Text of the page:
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Biodiversity of Finca 6 site-museum

The plants and animals seen today in the area of Finca 6 Site Museum 6 are the product of natural regeneration taking place for over 10 years. Some sectors of the site are devoid of vegetation because of the archaeological research realized; notwithstanding, an important percentage of the area hasn’t been intervened and has constituted an early stages secondary forest, with the presence of species typical of areas of secondary growth and animals characteristic of this type of forest.

Almost 100 species of plants and ferns have been recorded in this small surface; among them stand out some iconic ones as the balsa tree (Ochroma pyramidale) and the platanilla or bijagua (Calathea lutea), both of ancestral use. There’s also less well-known species as the shrub Pentagonia tinajita, species reported only once in Costa Rica and Panama.

Throughout the year for the group of birds, almost 121 species can be observed, among which stand out the Pearl Kite Gampsonyx swainsonii (which is said is the smallest kite of America and among the smallest in the world) and the Common Potoo Nyctibius griseus, bird using trunks and vegetation as camouflage; for this reason it’s hard to notice by untrained eyes. Endemic birds may also be observed as Cherrie’s Tanager (Ramphocelus costaricensis) and Baird’s Trogon (Trogon bairdii).

Among the 18 species of wild mammals recorded perhaps with some luck you may watch the Tayra (Eira barbara) strolling peacefully by open areas or the Variegated Squirrel (Sciurus variegatoides) and very rarely the elusive Jaguarundi (Puma yaguaroundi).

At Finca 6 Site Museum 6 there are also 12 species of fungi and over twenty species of butterflies filling with colors this important place.


Biodiversity of El Silencio archaeological site

The Silencio Archaeological Site (where the largest recorded stone sphere is found to this moment in Costa Rica) has been subject to the development of forest plantations with the teak (Tectona grandis) and melina (Gmelina arborea) species for several decades, both exotic species in Costa Rica, used as timber. The forest plantations as well as the monocultures are characterized by little biological diversity. Besides they are subject to pest and weed control they’re not suitable for the establishment of diverse and abundant plants species, thus reducing the quantity and variety of other groups such as birds, mammals and insects.

Nevertheless, it’s possible to observe some species of birds and mammals in this type of artificial ecosystem using the plantations as temporary transit areas or as refuge; for example the Central American squirrel monkey Saimiri oerstedii. Among other mammals inhabiting the area is Seba’s short-tailed bat (Carollia perspicillata). In the same way the forest plantations allow the mobilization of some species of mammals and birds to more natural, adequate environments.


Biodiversity of Batambal archaeoligical site

Natural conditions in the Batambal Archaeological Site have been altered by human beings for many years. This site has virtually no natural vegetation cover currently; this drastically reduces the presence of other groups of species as birds, mammals and insects. It’s possible however to observe some common species of birds across the sky or perching on the scarce existing vegetation as well as mammals typical of altered areas as the Variegated Squirrel  (Sciurus variegatoides).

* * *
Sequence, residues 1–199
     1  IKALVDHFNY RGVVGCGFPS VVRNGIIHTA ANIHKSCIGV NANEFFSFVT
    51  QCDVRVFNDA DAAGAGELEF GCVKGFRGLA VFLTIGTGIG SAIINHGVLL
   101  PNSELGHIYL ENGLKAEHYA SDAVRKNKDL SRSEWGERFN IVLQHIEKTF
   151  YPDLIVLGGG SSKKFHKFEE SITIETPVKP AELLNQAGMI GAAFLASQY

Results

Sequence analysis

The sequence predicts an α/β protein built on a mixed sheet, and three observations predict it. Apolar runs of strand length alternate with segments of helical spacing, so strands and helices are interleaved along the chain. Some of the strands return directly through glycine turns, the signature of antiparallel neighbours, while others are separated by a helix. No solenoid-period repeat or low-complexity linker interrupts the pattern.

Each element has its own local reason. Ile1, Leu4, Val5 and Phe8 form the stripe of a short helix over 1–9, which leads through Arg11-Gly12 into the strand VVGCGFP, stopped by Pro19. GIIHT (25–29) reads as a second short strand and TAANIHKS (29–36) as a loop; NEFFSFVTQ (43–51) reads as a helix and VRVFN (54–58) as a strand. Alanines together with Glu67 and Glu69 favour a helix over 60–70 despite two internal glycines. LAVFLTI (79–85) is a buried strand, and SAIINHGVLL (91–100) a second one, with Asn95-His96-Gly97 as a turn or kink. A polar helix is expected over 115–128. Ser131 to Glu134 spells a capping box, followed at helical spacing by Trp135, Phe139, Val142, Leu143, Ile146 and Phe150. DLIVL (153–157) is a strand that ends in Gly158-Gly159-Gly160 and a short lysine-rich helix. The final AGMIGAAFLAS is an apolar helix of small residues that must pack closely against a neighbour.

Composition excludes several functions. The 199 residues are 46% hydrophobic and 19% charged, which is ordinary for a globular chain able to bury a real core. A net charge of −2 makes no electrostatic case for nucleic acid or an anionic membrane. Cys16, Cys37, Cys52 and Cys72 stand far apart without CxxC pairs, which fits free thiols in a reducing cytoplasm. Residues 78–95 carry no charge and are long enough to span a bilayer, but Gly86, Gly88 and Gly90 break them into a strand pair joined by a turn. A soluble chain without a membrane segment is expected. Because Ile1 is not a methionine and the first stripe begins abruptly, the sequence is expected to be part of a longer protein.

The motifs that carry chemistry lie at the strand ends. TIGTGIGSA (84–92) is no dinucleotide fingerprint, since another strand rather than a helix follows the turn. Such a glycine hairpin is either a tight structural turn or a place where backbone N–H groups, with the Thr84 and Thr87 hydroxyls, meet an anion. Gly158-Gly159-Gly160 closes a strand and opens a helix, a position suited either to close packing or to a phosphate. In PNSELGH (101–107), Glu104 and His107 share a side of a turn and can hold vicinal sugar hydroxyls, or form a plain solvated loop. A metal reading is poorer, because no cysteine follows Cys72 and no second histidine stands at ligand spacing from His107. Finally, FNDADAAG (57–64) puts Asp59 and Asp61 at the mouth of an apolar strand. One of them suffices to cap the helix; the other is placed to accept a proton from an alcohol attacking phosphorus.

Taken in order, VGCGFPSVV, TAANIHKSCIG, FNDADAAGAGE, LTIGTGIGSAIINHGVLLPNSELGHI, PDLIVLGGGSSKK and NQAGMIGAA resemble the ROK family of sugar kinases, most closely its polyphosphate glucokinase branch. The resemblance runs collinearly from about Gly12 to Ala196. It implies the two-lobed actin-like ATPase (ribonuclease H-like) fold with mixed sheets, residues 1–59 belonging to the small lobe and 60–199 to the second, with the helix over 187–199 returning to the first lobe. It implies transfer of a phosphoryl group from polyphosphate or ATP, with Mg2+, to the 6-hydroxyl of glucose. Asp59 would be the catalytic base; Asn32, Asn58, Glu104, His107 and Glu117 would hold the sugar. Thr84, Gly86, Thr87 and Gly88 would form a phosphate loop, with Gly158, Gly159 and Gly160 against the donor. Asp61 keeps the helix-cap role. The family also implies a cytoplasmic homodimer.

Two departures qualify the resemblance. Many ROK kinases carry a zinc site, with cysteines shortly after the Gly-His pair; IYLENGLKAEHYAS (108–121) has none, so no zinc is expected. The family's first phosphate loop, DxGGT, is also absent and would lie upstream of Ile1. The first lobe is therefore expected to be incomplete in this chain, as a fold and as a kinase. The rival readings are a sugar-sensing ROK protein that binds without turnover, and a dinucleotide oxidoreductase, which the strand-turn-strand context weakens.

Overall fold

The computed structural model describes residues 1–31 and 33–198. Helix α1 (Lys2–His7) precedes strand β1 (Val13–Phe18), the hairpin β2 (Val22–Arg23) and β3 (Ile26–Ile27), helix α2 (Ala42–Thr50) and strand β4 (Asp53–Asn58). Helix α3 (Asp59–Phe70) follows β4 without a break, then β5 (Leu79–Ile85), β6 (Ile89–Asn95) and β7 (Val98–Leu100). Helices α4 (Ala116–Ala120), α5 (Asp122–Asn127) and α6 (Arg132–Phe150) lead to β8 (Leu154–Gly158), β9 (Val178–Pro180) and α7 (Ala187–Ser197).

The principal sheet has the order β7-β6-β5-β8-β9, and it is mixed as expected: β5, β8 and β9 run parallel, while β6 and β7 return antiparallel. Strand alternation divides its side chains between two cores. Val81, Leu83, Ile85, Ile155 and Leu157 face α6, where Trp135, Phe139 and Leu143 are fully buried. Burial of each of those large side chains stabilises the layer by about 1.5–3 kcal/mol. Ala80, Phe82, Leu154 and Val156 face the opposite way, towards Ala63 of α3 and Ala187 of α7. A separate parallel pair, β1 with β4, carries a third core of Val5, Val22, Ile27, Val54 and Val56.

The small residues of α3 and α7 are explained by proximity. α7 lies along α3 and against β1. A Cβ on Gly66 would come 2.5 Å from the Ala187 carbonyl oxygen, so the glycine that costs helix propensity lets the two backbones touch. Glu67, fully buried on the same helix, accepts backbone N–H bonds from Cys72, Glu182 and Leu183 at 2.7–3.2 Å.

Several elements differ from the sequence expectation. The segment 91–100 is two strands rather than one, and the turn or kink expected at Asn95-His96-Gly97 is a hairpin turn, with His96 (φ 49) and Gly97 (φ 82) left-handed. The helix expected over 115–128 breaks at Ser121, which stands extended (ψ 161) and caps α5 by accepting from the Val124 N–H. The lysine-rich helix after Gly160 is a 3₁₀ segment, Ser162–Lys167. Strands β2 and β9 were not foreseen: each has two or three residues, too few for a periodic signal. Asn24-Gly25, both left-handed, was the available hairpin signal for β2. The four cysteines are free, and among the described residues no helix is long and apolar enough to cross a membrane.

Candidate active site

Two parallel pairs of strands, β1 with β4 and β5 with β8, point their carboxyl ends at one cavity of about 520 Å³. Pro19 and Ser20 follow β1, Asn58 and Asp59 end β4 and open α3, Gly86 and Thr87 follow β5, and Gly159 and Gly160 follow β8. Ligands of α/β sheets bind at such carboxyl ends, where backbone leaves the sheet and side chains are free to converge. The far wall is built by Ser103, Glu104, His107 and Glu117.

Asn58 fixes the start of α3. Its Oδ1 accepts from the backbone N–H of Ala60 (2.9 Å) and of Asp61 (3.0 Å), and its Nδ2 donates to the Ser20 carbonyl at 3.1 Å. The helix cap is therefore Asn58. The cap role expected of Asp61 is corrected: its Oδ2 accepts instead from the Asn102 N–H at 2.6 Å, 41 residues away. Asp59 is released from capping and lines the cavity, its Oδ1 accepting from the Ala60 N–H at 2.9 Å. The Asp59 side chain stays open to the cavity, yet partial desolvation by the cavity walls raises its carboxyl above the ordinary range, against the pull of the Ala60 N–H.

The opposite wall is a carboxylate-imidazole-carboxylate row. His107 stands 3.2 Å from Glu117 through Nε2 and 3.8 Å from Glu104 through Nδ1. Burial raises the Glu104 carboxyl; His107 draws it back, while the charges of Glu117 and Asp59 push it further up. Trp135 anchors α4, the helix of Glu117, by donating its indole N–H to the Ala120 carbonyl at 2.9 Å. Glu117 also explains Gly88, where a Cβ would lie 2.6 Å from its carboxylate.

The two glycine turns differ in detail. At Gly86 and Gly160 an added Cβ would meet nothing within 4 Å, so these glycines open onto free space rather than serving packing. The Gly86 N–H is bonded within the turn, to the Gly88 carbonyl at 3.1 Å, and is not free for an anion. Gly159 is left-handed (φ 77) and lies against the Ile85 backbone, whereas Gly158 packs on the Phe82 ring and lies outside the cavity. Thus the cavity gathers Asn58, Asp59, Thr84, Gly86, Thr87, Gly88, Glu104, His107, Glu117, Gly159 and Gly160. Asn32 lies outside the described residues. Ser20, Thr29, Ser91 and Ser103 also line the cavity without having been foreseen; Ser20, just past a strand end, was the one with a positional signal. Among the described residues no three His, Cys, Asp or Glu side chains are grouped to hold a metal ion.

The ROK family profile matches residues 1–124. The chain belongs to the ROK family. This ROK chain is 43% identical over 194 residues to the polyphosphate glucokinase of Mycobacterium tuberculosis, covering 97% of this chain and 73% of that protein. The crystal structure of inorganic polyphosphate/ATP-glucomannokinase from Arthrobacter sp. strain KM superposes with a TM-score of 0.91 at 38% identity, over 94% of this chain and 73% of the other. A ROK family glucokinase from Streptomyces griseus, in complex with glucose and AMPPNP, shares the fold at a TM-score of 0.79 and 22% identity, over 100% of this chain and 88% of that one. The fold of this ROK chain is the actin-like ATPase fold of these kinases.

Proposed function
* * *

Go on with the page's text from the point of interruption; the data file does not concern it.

Biodiversity of Grijalba-2 archaeological site

The Grijalba-2 Archaeological Site currently presents a mosaic of environments both natural as artificial (generated by human beings). This is reflected on their biological composition. A sector of the site consists of what could be called a forest, because of the variety of plant species (typical of this ecosystem) as well as the presence of trees of considerable size (over 15 meters-high and 1 meter in the trunk diameter) as the Balsa Tree (Ochroma pyramidale), the Wild Cashew (Anacardium excelsum) and the Guacimo (Luehea seemannii). Under these trees there are different species of herbs, shrubs and palm trees complementing and contributing biological wealth to this site.

In the lower part of the forest it’s possible to observe birds as the Gray-necked Wood Rail (Aramides cajaneus) and the Scarlett Macaw perching on the canopy (Ara macao) and other relatives as parakeets and parrots; in the surroundings there are Rufous-tailed hummingbirds (Amazilia tzacatl) and the Wing-barred Seedeater (Sporophila corvina).

Some species of mammals have been reported in these forests, such as the Common Raccoon (Procyon lotor), the Common Opossum (Didelphis marsupialis) and Seba’s short-tailed bat (Carollia perspicillata), very frequent in all of the area.

Next to the forest there is an area of melina plantation (Gmelina arborea), exotic species developed for timber. Other sector of the site is covered by plantain and banana plantations (Musa acuminata). These two environments contrast with the forest,  presenting dominance of very few plant species, thus less diversity and abundance of other groups as birds, mammals, and insects.



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